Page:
4. It may be tempting to avoid the benefit estimation and/or post audit, especially when a company has previous successful history with MPC. But doing so carries a risk.  New management may not have experience or understand the value of MPC, leading to the inevitable question: “What is MPC doing for me today?”
  5. The other temptation is to forgo needed instrumentation or hardware repairs and proceed directly with an MPC project, arguing that MPC can compensate for such deficiencies.  This carries the risk of not meeting expectations and MPC getting a bad reputation, which will be difficult to erase.
  6. Regular reporting of relevant KPIs and benefits is seen as the best way of keeping the organization in the know and motivating additional MPC applications.

MPC Design Best Practices

  1. Develop a functional design with input from operations, process engineering, economics staff, and instrument techs.  Update the design as the project progresses, and after the project is completed to reflect the as built MPC.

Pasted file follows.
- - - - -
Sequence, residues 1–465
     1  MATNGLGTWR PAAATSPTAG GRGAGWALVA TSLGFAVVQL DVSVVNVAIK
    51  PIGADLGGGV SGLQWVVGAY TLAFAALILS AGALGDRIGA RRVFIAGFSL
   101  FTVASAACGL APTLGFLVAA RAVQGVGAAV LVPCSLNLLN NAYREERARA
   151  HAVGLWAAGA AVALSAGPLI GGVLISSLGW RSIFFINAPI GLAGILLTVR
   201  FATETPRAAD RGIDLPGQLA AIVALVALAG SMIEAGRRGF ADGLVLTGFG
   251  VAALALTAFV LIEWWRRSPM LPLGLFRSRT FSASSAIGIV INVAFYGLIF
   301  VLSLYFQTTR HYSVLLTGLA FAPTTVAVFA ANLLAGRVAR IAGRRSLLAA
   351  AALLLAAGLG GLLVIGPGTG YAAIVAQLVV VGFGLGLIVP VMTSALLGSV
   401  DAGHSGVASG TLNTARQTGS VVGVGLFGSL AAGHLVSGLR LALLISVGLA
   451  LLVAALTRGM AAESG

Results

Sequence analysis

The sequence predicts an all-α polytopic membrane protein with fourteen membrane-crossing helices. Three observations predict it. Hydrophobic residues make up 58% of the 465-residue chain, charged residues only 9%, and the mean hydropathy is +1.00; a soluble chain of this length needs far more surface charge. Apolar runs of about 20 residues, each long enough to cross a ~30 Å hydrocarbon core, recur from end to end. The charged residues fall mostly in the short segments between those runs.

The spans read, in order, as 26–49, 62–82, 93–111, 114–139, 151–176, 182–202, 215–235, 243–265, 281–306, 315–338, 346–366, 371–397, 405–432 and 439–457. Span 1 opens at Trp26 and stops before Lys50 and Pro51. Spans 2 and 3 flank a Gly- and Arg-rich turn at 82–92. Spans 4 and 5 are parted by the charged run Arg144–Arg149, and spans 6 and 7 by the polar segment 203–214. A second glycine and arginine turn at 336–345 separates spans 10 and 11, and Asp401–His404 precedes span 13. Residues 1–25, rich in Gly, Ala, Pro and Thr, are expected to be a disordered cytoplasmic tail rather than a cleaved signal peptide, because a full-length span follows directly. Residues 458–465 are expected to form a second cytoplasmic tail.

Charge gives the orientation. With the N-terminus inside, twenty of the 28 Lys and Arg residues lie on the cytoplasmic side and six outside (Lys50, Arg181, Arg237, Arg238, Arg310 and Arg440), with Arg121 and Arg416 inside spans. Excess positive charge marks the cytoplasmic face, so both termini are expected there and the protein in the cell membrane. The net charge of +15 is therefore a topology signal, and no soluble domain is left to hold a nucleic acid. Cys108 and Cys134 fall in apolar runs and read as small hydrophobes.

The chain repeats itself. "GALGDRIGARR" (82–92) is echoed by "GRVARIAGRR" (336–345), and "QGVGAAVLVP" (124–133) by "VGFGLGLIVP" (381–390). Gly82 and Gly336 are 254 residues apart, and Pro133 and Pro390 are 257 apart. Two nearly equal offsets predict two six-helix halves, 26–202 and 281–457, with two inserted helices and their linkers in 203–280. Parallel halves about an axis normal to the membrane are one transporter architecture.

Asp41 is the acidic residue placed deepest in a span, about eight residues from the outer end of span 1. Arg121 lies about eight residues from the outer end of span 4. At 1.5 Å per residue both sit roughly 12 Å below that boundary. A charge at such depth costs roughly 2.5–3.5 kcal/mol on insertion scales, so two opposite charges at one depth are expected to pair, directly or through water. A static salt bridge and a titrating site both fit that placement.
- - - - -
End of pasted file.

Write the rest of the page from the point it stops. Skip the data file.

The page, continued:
2. Not all MPC variables must be determined up front in the project.  Most important is identifying the MVs.  The final selection of CVs and DVs can be made after plant testing, assuming data for these variables was collected.
  3. The use of a dynamic simulation can be useful for testing a new regulatory control strategy.  It can also be used to test and demonstrate an MPC, which can be quite illustrative and educational, particularly if MPC is being applied for the first time in a facility.
  4. If filtering of a CV or DV for MPC is required, it needs to be done at the DCS or PLC level.  The faster scan times allow effective filtering (usually on the order of seconds) without significantly affecting the underlying dynamics of the signal.  In addition, filters associated with the PVs of PID loops should be reviewed to ensure excessive filtering is not being used to mask other problems.
  5. The use of a steady-state or dynamic simulation can be useful for determining thermo-physical equation parameters for PID calculated control variables (e.g., duty or PCT) and MPC CVs, estimating process gains, and evaluating possible inferential predictors.